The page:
As of tomorrow it will be a full two weeks since forensic testing of a claimed wing section from missing Malaysia Airlines flight MH370 began at the behest of a criminal probe in France in a military aviation laboratory in Toulouse.
Two weeks and yet no finding on the authenticity of the barnacle encrusted two metre long, and visually partly damaged flaperon, from the trailing edge of a Boeing 777-200ER that was found on 29 July (possibly for the second time in three months) on a beach on La Reunion, a French island in the west Indian Ocean between Madagascar further west and Mauritius to the north east of its tropic shores.
The social media echo chamber is, not surprisingly on this occasion, full of so far unsubstantiated rumours that Boeing doesn’t think that what is definitely a part of a Boeing 777 was in this case ever put into service.
(Boeing hasn’t yet officially said anything about provenance. It knows the protocols of air accident investigations, and sticks to them, notwithstanding that what is happening in Toulouse is actually a criminal investigation by the public prosecutor’s office in Paris, inquiring into the deaths of four French nations, at least three of whom were residents of that city.)
However the Minister for Transport in Malaysia Liow Tiong Lai, has said quite a lot about the debris found on La Reunion, and been basically called as wrong in his utterances by the French authorities on the island.
According to Mr Liow on 6 August, parts of aircraft windows, seat cushions and aluminium sheeting that he said were from a plane had been found and handed to authorities.
Who have clearly lost them? Or maybe decided they were the sort of stuff you use to keep food left overs in a ‘fridge, or were discarded furnishings, and not part of an airliner with 239 people on board that disappeared on 8 March 2014 when it was flying for Malaysia Airlines between Kuala Lumpur and Beijing.
Which would be huge news. Imagine a jet airliner partly built from reinforced concrete!
Mr Liow’s willingness to say things that are unconfirmed by French authorities, follows on his Prime Minister Najib Razak calling an urgent press conference in a near empty room in Kuala Lumpur earlier this month to say international experts had ‘unanimously concluded’ that the wing part came from MH370 minutes before another press conference in Paris said no such thing, and urged caution as to provenance.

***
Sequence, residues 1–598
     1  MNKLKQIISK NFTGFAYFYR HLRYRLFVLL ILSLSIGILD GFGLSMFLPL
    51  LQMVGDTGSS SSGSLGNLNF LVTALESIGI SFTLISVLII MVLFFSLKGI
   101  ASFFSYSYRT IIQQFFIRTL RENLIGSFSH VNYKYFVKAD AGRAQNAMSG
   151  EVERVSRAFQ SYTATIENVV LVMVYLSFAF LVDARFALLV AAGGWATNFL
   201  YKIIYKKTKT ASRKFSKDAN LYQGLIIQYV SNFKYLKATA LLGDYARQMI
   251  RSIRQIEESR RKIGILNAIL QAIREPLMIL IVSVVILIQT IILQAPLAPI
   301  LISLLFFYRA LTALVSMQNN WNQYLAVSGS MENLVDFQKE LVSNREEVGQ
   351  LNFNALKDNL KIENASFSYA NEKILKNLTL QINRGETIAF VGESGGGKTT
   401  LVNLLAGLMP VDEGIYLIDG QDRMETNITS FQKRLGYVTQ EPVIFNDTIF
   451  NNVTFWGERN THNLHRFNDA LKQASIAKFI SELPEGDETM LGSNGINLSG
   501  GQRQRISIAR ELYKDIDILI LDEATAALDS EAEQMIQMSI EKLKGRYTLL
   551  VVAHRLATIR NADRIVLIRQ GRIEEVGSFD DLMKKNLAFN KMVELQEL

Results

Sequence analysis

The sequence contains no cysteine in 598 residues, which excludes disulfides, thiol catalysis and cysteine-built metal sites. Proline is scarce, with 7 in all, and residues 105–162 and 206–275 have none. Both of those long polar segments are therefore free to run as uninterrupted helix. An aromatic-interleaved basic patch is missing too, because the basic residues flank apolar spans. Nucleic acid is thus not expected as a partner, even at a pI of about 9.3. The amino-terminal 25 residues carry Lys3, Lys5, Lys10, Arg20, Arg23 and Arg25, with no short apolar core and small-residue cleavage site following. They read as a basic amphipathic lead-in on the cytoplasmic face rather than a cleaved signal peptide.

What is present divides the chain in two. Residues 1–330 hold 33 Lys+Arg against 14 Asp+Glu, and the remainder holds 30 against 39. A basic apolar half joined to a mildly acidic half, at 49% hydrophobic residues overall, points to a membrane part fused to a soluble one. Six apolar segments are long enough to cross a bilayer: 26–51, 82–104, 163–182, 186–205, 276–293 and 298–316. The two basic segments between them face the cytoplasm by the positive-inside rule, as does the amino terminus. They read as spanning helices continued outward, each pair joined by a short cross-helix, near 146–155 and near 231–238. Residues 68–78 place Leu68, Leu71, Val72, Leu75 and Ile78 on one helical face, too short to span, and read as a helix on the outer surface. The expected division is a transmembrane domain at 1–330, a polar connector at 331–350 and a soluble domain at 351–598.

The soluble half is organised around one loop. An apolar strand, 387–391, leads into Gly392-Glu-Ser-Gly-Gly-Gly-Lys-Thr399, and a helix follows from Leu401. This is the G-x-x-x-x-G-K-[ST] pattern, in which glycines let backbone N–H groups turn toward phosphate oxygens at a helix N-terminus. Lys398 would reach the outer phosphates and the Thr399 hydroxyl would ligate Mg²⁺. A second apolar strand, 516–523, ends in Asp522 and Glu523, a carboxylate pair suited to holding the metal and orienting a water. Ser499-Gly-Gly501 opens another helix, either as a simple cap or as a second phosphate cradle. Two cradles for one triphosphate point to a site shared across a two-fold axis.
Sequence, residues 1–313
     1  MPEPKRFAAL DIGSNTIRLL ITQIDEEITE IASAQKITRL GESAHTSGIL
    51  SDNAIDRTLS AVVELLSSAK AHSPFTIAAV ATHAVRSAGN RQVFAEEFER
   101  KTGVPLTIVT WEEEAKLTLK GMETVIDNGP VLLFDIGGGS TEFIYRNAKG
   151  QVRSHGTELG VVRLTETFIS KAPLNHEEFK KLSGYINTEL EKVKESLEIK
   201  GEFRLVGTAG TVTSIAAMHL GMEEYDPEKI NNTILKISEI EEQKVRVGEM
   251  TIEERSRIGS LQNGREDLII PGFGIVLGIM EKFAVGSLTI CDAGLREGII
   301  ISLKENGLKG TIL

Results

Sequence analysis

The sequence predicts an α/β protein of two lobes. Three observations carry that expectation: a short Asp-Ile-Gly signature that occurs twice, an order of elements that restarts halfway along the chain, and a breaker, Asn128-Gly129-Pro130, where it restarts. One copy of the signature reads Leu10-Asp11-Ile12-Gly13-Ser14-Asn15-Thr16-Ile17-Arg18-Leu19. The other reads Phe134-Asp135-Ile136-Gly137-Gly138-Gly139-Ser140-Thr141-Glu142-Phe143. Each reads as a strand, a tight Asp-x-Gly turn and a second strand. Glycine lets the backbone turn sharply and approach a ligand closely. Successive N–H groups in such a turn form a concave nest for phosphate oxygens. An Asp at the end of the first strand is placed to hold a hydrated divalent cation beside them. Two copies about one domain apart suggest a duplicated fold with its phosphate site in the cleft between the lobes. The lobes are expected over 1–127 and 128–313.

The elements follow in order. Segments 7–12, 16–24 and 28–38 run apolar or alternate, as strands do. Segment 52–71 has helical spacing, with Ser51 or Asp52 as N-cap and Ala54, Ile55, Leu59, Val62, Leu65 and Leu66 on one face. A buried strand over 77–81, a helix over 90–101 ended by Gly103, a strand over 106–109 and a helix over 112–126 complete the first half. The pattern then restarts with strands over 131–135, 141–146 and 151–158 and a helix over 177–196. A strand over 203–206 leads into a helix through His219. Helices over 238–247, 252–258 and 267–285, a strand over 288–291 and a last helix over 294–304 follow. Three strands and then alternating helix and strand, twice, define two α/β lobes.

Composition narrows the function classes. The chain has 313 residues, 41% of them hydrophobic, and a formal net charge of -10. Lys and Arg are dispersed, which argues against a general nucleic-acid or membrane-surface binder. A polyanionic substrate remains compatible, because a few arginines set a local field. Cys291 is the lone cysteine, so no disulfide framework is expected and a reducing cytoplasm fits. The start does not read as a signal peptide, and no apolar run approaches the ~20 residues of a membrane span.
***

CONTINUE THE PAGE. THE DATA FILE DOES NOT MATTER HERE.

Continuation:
The public prosecutor’s office also expressed disquiet over a lack of ‘reciprocity’ on the part of Malaysia in responding to its requests for more information about the police inquiries made in Malaysia.
Liow and Najib are continuing to harm their credibility on matters MH370, as did the Australia Prime Minister Tony Abbott who in April last year briefly took centre stage to publicly assured China that the acoustic experts in a defence facility in Australia had concluded that the then early search for MH370 had detected two sets of ‘pings’ in waters off the NW shore of Western Australia that sounded like they came from the jet’s two black box recorders.
The erratic claims about MH370 that have come out of KL are cause for concern.
It may well be that the flaperon now in France did come from MH370. The French investigators are entitled to take as much time as they need to determine if it ever flew, and if it did, how it might have become detached from an aircraft, presumably the one flying as MH370.
But the impatience of the media, and a distrust of Malaysia’s authorities in terms of their disclosures to date, have made the determination of the causes of the loss of MH370 a toxic and corrosive topic that remains the plaything of fantasy peddlers, opportunistic politicians and civil servants seeking to further or even save their careers.
Worse than that, some of those suppositions about dishonest and misleading behaviour may even be true.
For the next of kin of the dead, this is an awful and obscene spectacle.
Ben Sandilands has reported and analysed the mechanical mobility of humanity since late 1960 - the end of the age of great scheduled ocean liners and coastal steamers and the start of the jet age. He’s worked in newspapers, radio and TV in a wide range of roles as a journalist at home and abroad for 56 years, the last 18 freelance.